Keywordsbowen ratio/energy balance
Prosopis glandulosa var. glandulosa
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CitationDugas, W. A., & Mayeux, H. S. (1991). Evaporation from rangeland with and without honey mesquite. Journal of Range Management, 44(2), 161-170.
PublisherSociety for Range Management
JournalJournal of Range Management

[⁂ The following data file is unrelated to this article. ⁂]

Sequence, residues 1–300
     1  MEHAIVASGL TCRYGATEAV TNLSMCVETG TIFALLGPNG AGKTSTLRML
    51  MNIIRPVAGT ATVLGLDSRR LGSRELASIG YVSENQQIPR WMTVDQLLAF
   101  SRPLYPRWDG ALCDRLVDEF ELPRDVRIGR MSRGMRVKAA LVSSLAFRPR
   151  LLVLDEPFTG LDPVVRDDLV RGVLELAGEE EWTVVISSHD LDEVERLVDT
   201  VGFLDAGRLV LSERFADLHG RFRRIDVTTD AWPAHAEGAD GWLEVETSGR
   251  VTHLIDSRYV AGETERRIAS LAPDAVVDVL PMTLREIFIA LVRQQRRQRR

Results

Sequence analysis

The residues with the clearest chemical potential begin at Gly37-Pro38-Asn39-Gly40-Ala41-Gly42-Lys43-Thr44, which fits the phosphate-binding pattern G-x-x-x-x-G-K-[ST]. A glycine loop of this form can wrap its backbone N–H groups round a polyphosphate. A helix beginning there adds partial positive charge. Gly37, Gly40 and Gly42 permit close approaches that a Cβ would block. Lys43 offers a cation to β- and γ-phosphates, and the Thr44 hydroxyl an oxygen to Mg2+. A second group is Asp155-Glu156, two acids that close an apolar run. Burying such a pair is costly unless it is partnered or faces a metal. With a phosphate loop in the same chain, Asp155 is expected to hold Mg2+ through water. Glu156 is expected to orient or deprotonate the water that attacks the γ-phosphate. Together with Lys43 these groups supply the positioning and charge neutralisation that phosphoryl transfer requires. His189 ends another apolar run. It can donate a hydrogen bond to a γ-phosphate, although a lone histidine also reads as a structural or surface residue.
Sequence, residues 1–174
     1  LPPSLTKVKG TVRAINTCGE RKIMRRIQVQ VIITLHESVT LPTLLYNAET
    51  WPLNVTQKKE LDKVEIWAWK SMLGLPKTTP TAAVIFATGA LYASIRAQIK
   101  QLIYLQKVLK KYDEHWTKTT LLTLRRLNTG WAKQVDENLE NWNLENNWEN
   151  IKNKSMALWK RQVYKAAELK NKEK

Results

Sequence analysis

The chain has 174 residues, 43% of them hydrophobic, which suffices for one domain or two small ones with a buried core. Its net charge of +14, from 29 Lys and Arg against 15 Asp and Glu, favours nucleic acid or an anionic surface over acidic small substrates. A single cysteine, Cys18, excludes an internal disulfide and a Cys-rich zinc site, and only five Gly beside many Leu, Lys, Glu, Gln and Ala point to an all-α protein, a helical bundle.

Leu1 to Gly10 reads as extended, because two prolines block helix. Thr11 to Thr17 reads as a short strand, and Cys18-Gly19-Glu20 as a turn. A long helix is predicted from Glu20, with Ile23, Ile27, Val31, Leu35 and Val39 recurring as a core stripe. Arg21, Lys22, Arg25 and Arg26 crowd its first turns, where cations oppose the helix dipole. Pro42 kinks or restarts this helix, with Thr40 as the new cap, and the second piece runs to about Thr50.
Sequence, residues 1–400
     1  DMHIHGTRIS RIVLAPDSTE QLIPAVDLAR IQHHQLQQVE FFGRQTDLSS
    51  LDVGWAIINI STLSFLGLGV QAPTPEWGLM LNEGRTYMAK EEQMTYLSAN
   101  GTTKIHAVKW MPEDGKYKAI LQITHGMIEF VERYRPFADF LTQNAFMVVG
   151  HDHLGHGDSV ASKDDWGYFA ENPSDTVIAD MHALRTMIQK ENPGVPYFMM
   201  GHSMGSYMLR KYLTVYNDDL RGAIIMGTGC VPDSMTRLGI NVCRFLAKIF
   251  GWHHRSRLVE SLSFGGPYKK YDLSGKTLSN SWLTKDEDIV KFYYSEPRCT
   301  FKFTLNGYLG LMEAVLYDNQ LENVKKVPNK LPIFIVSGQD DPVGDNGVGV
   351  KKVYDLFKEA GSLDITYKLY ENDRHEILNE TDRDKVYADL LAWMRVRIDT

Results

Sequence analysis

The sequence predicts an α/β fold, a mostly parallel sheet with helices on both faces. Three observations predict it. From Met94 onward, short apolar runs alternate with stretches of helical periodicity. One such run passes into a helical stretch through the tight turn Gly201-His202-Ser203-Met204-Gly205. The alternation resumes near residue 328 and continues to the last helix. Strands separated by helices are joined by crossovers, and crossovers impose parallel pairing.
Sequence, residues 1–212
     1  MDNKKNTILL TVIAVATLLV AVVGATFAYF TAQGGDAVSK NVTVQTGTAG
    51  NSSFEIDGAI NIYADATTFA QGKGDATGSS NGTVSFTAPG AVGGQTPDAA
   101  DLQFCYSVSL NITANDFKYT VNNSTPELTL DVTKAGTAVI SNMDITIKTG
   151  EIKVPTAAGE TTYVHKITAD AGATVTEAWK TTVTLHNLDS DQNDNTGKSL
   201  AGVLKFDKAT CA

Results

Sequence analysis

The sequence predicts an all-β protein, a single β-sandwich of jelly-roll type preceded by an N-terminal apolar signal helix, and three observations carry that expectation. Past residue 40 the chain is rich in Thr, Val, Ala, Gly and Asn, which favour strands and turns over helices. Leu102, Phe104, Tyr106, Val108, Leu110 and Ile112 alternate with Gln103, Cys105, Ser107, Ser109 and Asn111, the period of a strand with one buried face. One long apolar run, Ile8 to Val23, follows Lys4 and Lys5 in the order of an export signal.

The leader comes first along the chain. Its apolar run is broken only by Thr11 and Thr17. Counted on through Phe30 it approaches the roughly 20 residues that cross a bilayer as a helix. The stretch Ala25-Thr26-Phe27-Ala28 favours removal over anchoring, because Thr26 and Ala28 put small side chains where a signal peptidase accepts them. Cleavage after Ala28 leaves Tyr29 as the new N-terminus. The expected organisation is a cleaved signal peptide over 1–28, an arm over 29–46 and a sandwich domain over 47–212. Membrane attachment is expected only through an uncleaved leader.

AbstractThe Bowen ratio/energy balance technique was used to estimate evaporation (E) from honey mesquite (Prosopis glandulosa Torr. var. glandulosa) as the difference in total E (plant and soil) between that of adjacent mesquite-dominated and mesquite-free rangeland areas near Throckmorton, Tex. After treatment with diesel in July 1988 to defoliate the honey mesquite, E from the treated area decreased to a minimum value of about 40% of that from the untreated area. In 1989, seasonal E totals from the untreated and treated areas were, respectively, 190 and 176 mm-a 7% reduction in E due to mesquite defoliation. Total E for the herbaceous and honey mesquite vegetation in 1989 in the untreated area was 117 and 73 mm, respectively. Honey mesquite foliar cover was 15% in the untreated area, but it accounted for 38% of the total E. These honey mesquite E data were supported by independent measurements of sap flow. While honey mesquite used substantial amounts of water, E from the rangeland from which it was removed was just slightly lower due to increased herbaceous evaporation associated with increases in standing crop. Under the circumstances of low grazing intensity and low runoff potential, honey mesquite removal would provide little if any additional water for off-site uses in the short-term and, therefore, the removal of this species for purely hydrological purposes would not be justified. Increases in off-site water availability may, however, result from honey mesquite control under grazing regimes which preclude accumulation of additional herbaceous standing crop or at site with greater runoff potential.